Saturday, January 29, 2005

The reputation of being a "film critic"

It's always a nice gesture when someone takes the time to read a piece of your written work. There is also a great personal reward in having that work discussed between the writer and the reader; not only does it make you more productive in terms of understanding one another's opinions, it keeps you motivated and focused in the task of producing new articles, particularly when you have the urge to stand back and wonder, "why am I doing this at all?"

In the six-plus years I have written film commentary on the internet, I've heard great input from a lot of sources -- some of it positive, some of it negative, but all of it appreciated. There is no better feeling in this vocation than knowing that your work is being absorbed by some alternate source; you have done something that will occupy a span of a few minutes in someone's day, and perhaps will leave a slight impression (be it a bad one or whatever). In our world time is the essence of everything, after all, and sometimes it is actually too much to ask for people to set aside just a few short moments to take a look at something you've done. By doing so voluntarily, the readers have unknowingly made a great contribution to the one who actually did the work (regardless of the response they may have). It is prospects like that which keep some of us writing for so long.

But here is where it gets a little annoying: no matter how often you may or may not hear from the people who read your stuff, there is always that one group of individuals who disregard the entire existence of those who write about movies professionally. The common excuse: "People should judge a movie for themselves instead of listening to reviewers. Everyone has their own opinion."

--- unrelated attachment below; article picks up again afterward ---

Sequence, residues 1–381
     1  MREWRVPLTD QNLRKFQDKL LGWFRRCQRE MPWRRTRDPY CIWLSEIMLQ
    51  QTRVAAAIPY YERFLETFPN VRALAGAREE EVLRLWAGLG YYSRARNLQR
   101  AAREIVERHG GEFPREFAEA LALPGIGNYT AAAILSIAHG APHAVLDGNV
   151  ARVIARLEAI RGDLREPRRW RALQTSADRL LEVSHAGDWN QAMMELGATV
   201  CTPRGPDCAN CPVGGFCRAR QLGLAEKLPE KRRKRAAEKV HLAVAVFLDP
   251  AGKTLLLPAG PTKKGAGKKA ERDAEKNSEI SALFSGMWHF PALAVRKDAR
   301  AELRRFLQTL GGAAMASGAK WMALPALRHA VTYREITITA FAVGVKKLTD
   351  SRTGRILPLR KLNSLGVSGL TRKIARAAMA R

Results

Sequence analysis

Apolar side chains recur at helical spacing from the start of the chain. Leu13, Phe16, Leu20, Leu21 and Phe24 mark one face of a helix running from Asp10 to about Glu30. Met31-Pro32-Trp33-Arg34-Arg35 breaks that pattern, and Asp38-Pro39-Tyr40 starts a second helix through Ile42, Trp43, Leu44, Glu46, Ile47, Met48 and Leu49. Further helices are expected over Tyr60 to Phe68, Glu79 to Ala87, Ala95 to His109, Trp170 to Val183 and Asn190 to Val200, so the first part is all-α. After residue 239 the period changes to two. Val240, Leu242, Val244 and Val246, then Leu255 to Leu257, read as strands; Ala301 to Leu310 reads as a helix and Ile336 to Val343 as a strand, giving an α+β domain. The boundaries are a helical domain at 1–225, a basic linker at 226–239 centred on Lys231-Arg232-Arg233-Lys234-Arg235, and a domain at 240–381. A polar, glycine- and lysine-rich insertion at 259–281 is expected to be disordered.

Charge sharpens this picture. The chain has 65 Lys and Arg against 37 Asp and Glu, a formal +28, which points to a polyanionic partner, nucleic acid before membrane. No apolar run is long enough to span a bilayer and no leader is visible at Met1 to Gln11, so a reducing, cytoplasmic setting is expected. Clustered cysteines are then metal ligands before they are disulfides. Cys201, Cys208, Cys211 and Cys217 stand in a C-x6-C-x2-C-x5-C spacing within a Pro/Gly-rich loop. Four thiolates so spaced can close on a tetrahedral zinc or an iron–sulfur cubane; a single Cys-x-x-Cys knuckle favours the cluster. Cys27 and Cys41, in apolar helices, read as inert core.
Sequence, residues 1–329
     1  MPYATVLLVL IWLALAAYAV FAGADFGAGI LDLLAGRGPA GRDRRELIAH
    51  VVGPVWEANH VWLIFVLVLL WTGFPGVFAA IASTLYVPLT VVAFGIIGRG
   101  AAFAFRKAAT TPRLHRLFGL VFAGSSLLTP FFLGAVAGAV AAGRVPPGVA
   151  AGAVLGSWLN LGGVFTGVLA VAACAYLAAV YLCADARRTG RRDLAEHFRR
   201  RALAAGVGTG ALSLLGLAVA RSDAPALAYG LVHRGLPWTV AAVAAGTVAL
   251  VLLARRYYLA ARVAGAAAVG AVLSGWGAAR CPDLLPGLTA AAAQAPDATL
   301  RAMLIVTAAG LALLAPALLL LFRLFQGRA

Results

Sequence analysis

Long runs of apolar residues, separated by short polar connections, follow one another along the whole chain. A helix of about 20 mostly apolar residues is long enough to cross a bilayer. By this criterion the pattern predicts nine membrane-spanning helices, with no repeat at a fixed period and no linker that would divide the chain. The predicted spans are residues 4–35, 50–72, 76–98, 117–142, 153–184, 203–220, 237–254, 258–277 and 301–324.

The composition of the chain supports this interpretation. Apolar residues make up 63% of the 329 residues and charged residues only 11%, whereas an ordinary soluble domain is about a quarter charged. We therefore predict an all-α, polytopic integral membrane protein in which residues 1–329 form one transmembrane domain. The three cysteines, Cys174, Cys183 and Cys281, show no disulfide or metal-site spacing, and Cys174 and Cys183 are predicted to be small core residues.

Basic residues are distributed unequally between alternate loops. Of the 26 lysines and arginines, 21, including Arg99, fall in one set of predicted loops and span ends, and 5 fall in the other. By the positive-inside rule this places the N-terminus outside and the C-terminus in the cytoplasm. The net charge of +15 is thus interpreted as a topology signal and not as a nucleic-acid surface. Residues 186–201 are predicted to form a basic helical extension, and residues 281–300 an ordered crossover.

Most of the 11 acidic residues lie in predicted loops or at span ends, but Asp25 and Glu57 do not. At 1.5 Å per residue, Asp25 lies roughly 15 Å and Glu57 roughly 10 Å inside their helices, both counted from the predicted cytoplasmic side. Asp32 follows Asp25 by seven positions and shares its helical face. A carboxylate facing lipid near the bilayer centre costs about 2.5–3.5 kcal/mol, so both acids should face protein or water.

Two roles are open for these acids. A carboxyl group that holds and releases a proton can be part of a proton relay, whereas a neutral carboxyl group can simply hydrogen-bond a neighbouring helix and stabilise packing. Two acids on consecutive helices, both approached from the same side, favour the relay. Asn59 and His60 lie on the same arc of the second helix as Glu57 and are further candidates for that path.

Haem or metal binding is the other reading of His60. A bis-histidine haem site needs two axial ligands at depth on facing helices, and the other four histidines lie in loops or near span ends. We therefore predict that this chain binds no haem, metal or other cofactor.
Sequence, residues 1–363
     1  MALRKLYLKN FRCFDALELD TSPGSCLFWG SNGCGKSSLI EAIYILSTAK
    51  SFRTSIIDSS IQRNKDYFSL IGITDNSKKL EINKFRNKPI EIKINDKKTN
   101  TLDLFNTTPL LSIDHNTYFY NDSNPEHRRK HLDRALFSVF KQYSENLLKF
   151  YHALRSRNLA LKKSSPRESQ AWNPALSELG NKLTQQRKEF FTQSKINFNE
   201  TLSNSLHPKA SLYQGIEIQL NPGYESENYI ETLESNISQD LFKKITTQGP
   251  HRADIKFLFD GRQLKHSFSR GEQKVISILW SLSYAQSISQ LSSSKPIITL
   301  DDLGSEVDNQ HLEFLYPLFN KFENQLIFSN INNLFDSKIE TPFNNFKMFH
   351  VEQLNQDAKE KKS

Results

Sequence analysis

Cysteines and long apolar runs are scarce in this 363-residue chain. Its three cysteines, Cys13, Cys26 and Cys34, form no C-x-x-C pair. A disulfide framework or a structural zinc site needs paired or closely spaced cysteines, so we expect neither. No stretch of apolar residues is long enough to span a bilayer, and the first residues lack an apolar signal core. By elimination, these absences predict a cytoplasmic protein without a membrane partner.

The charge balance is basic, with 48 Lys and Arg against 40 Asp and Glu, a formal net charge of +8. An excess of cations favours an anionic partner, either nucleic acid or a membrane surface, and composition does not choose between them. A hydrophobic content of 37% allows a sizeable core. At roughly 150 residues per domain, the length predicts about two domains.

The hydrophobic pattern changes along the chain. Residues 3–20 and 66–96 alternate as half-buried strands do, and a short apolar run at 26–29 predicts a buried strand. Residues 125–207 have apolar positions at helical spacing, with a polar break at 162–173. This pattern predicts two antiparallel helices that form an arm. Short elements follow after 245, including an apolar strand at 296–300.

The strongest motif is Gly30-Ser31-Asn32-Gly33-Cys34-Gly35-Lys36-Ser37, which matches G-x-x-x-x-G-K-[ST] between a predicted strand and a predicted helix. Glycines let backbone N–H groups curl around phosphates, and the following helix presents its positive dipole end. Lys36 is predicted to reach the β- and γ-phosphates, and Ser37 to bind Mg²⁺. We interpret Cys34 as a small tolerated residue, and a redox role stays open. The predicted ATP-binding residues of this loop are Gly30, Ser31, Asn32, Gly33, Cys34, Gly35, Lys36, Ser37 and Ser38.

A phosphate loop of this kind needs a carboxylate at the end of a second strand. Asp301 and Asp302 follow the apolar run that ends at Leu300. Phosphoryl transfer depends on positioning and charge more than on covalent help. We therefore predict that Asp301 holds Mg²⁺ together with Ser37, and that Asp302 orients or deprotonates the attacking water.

Now every time I'm confronted with this argument, a sharp pain hits the back of my head. What kind of discussion point [font=Tahoma]is that, anyway? Some half-hearted logic that people use because it automatically gives them an excuse to not read a film critique? Several have offered explanations, but all I see is an obvious cop-out. Not only does the "everyone has their own opinion" logic lack foundation, it's the most obvious rhetorical statement that a writer will ever see. Of course people have their own opinions; do you think we're doing this because we want to control your perspective or something? Hardly.

In closing that argument, it's a necessity to state another obvious: writers are not necessarily here to shape your perspective. They are here to offer their own individual insight -- that is, a personal (and perhaps persuasive) analysis on film where readers have the permission to agree, disagree, discuss or even gather information on a specific motion picture that may interest them in some way. Some people refer to film reviews looking for suggestions; others read them after the fact to see what a different viewpoint might be. But in any and all cases, the audience has its own prerogative here just as it does at the movie itself. End of story.

Having said that, I continue to welcome the ideas and discussion points that my audience provides, be they total agreements or literal inverts. This is what cinema wants us to do: share perspectives with each other for the sake of provoking insightful discussion. And indeed, once a writer reaches that level of interaction with his or her peers, all other negative connotations easily disappear into the background. At least for the most part, I guess.

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